Decisions in FELA, Immigration, and Criminal Cases
In Villa-Londono v. Holder, No. 09-1832, the First Circuit addressed a challenge to the BIA's denial of a Colombian National's application for withholding of removal and related relief. In denying her request for review of BIA's denial, the court concluded that the IJ's adverse credibility finding is supported by specific and persuasive findings. And as a consequence, with her testimony discredited, there is very little evidence in the record to support her asylum claim as well.
In Granfield v. CSX Transp., Inc., 09-1302, the court faced a challenge to the district court's denial of defendant's motion for judgment as a matter of law in the employee's suit for injuries suffered as a locomotive engineer, as a result of defective controls in the cabin of his locomotive. In affirming the district court's judgment based on the finding that the defendant violated both the Federal Employer's Liability Act and the Locomotive Inspection Act, the court rejected defendant's various claims including, not dismissing the case under the FELA statute of limitaitons and allowing plaintiff's medical expert to testify on causation.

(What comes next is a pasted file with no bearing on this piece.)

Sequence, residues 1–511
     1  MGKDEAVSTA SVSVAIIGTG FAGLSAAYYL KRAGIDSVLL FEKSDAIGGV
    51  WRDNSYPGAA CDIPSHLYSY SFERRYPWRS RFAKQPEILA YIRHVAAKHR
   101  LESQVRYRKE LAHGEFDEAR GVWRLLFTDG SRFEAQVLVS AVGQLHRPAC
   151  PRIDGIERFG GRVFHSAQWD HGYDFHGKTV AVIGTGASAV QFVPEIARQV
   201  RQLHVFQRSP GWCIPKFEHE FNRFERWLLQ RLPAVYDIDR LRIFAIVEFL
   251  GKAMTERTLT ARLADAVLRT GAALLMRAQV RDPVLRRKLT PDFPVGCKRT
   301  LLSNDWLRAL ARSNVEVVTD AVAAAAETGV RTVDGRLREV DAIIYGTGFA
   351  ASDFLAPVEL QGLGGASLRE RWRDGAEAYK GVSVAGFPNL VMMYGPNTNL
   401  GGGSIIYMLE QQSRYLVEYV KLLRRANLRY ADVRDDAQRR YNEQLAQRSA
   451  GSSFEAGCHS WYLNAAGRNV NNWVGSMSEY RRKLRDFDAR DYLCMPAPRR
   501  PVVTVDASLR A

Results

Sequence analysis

Finally, in US v. Mejia, No. 08-2505, the court faced a challenge to a conviction and sentence for conspiring to distribute cocaine and possession of a firearm in furtherance of a drug crime. In rejecting defendant's claim of Miranda violation that the officers did not accurately interpret his rights into Spanish, the court held that the district court correctly denied his motion to suppress based on finding of implied waiver. Also, the court rejected defendant's various evidentiary arguments and that the district court abused its discretion in denying his motion for a new trial.
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